Honoring the Tail for Every One Soldier in Battle, There Are Roughly Six Military Personnel Working on Training, Weapons and Food for a Lot Less Glory Behind the Scenes
Griffin, Jake, Daily Herald (Arlington Heights, IL)
Byline: Jake Griffin Daily Herald Staff Writer
John Dawley never could have imagined how a summer spent bagging groceries in his youth would affect his military career.
"When I was doing the intake interview for officer candidate school, I told them I wanted to be a tanker, but I'm 6 feet 5 inches tall and they said I was a little big," the retired Army colonel from Naperville said. "Then he asked me what I did for a summer job and when I told him I bagged groceries, he said, 'That's good, that's logistics, that's what we need.' I went off to Vietnam as a parachute rigger."
He became one of the six.
Six is the generally accepted number of non-combat military personnel it takes to support a single front-line warrior. Essentially, that means for every American in combat, there are six people behind or beside him or her to ensure he or she has the right training, weapons, food, medical attention and other equipment.
The six often work in the shadows, but their efforts are crucial to any military effort. And on this Veterans Day, as with all others, they will stand tall alongside the men and women they supported on the front lines.
"One of the concepts is called tooth to tail," said retired Navy Reserve Rear Adm. Frank Allston. "Imagine a dragon that has a short head and a few teeth, but it has that long tail. If you don't have the tail, you don't have the teeth you need to fight."
Allston, who now lives in Naperville, literally wrote the book on military support services. He authored the history of the Navy Supply Corps, "Ready For Sea," but only after he retired from a command position in the Navy Reserve in 1985.
"Whenever the Navy had a problem that didn't fit into one of their pigeonholes, they gave it to the supply corps because we could get it done," Allston said. "It's the business arm of the Navy. It's responsible for logistics, finance and contracting, even postal service."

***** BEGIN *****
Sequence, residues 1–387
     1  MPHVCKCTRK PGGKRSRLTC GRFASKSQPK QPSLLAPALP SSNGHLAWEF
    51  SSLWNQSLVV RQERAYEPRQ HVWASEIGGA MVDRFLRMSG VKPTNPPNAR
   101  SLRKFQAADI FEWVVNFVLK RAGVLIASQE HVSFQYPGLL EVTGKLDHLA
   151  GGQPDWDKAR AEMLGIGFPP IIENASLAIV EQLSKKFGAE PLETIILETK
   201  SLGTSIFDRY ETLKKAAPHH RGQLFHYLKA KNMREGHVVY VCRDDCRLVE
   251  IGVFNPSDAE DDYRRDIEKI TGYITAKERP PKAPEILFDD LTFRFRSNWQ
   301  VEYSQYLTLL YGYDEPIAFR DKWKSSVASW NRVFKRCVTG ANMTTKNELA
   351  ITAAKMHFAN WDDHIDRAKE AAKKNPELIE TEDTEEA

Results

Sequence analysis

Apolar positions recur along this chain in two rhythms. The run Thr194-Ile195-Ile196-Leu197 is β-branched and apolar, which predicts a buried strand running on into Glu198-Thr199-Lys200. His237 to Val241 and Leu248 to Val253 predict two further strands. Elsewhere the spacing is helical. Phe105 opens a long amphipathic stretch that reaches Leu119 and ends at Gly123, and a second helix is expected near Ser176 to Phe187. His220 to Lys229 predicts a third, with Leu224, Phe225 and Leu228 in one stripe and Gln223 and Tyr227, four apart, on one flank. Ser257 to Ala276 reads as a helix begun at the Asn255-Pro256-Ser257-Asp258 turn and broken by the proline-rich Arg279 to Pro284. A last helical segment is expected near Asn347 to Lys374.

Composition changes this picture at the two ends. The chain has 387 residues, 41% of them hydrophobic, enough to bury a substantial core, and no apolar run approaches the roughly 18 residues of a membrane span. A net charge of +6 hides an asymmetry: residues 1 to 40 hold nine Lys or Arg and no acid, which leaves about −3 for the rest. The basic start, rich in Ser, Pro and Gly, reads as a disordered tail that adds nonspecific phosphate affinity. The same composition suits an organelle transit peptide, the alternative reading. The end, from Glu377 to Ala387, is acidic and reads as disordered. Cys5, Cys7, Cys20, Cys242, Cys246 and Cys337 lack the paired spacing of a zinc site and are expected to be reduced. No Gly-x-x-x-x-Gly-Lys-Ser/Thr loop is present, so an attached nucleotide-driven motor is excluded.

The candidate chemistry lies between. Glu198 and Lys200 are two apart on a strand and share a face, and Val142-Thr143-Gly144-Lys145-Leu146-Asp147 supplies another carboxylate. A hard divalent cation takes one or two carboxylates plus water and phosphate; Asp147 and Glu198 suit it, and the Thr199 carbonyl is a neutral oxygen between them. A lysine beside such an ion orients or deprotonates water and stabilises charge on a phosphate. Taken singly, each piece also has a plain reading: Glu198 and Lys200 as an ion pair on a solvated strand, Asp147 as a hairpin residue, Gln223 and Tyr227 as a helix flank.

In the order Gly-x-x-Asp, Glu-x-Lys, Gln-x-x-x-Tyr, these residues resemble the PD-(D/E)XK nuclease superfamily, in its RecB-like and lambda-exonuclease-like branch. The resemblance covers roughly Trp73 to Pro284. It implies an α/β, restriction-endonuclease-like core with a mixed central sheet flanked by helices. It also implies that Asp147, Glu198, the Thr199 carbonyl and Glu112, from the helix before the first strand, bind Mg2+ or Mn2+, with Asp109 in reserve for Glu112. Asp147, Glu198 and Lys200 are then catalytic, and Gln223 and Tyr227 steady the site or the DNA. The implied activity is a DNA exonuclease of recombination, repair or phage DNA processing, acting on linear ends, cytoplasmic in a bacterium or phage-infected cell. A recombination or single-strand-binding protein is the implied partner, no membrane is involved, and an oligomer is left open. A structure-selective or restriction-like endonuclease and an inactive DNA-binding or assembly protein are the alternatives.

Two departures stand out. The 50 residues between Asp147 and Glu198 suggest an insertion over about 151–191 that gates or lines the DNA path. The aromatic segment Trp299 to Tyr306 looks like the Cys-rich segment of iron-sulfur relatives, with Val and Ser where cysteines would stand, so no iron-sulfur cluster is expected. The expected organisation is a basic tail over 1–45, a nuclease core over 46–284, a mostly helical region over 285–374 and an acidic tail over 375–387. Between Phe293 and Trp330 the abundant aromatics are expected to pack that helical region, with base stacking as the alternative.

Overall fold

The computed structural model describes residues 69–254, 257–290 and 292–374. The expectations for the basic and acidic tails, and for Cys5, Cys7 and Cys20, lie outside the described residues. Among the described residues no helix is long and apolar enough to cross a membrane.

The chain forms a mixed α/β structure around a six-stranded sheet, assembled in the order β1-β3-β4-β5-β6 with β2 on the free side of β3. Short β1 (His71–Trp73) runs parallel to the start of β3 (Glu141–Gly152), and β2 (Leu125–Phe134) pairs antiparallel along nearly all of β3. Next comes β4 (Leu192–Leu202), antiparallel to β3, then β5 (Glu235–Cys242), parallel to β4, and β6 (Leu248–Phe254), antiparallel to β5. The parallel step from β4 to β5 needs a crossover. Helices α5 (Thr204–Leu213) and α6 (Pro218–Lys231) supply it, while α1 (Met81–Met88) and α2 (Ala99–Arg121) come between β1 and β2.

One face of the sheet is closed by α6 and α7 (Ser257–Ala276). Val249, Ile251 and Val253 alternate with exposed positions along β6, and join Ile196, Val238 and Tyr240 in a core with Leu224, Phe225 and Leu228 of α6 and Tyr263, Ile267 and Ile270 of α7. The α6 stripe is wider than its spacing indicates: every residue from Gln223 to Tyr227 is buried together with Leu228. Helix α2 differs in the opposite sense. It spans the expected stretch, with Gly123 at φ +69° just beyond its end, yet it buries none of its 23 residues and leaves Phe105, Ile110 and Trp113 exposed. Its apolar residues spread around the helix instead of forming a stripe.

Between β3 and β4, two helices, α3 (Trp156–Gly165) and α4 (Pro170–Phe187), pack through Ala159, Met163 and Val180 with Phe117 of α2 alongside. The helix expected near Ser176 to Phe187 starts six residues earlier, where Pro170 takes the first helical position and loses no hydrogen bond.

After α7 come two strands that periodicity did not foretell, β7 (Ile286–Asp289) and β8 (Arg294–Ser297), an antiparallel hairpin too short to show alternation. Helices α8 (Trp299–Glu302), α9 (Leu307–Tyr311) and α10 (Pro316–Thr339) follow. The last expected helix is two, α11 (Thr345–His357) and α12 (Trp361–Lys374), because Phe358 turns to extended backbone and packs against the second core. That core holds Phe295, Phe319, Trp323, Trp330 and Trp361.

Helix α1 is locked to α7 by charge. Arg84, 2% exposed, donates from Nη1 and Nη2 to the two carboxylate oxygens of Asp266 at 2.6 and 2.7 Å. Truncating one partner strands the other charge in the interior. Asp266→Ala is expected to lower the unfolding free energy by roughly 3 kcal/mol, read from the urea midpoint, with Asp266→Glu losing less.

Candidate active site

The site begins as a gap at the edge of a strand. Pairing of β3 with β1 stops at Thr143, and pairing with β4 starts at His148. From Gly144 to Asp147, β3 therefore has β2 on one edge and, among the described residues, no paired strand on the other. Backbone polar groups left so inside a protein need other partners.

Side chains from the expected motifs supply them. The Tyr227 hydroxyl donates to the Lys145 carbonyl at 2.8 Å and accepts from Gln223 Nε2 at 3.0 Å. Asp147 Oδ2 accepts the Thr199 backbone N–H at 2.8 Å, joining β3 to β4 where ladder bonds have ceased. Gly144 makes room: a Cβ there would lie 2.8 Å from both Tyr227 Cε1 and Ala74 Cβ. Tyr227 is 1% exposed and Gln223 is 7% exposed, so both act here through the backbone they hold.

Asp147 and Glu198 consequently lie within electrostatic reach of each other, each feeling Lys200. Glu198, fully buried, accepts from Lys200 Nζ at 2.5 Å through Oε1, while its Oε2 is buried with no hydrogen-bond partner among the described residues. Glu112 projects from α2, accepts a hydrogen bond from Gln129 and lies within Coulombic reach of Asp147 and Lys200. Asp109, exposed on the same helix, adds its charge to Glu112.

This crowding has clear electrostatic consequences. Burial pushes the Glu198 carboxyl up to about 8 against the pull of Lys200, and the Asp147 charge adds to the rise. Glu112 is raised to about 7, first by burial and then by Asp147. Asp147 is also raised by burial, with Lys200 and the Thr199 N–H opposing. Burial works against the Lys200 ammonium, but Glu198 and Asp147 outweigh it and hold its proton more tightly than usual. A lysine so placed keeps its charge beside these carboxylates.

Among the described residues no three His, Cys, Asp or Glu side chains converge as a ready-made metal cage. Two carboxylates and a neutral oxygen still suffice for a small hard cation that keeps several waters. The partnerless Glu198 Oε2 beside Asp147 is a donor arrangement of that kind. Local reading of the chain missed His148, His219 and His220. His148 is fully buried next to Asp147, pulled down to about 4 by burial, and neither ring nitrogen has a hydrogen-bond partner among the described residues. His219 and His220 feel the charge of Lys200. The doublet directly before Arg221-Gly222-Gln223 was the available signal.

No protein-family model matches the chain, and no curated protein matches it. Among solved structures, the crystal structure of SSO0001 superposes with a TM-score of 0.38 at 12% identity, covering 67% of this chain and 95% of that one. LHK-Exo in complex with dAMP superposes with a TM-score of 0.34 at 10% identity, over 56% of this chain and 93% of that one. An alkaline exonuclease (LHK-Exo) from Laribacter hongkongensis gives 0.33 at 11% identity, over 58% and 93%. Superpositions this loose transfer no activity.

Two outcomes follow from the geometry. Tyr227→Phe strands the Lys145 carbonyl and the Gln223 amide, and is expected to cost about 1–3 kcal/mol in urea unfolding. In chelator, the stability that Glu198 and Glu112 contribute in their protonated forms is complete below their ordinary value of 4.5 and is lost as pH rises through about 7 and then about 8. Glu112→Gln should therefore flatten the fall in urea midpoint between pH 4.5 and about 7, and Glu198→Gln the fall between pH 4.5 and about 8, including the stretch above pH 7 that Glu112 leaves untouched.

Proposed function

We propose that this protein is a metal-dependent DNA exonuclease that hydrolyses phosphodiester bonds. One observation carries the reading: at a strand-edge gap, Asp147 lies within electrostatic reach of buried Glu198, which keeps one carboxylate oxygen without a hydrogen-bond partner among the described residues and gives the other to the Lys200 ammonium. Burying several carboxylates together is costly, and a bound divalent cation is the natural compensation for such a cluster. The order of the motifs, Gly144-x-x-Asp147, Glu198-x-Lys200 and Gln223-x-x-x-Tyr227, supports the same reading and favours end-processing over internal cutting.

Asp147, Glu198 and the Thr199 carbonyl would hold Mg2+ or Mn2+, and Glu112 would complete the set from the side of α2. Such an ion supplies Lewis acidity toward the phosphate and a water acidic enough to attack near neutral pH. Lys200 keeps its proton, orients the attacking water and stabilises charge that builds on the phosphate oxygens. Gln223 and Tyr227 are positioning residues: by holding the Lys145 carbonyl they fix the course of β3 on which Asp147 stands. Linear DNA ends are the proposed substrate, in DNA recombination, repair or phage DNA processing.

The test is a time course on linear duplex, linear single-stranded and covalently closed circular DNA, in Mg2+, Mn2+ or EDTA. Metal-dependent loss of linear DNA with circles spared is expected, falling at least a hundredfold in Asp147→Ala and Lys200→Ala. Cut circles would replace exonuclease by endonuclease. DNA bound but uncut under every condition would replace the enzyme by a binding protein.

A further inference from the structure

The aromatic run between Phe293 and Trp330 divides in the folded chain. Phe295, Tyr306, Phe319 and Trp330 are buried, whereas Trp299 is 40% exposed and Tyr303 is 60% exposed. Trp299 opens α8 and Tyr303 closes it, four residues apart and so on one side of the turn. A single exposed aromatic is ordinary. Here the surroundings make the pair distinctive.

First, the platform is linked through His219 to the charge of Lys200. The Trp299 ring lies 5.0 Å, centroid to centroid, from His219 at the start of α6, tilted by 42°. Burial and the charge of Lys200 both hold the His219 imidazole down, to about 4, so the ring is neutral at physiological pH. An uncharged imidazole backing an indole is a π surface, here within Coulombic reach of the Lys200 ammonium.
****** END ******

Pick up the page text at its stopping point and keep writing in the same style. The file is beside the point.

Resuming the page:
Allston joined the Navy during the Korean War. He had a writing background, so the Navy quickly found a niche for him.
"The supply corps ordered me to duty in Washington, D.C., to be in charge of their technical publications," he said.
It was not a lack of wanting the adventure that often accompanies life in the military, but rather an eye test that pushed Allston toward support services.
"During officer training they discovered I was color ignorant, meaning I couldn't distinguish between shades of blue and gray, and therefore was believed to not be able to distinguish a gray ship in a blue sea," Allston said. "Contrary to that conclusion, I've been to sea many times and stood on the bridge of many a ship and spotted many a gray ship upon the blue ocean."
While he trained extensively in combat scenarios, he said he never went in harm's way.
"But I'm also proud to say that no North Korean ever landed in Washington, D.C., while I was on duty," Allston said with a smile.
The random question during an occupational assessment or the administration of some outmoded test led many veterans to a military job they never imagined.
But in most cases, jobs in the military for enlisted men and women often are decided by tests and training.
"I went into the Navy in 1965 and showed up on the same footing as everybody else," said Mike Warner, a retired Navy hospital corpsman now living in Naperville. "As you go along, you start getting slotted into certain specialties."
Warner was ecstatic to learn he was to be assigned to hospital corps school in the midst of the Vietnam War. He had visions of learning a trade at the naval hospital in Bethesda, Md.
Instead, he found himself in field medical training for five weeks and then shipped to Vietnam, where he tended to Marine units on the front lines.
"The Navy, in their most uncanny way, had found a perfect job for us," Warner said. …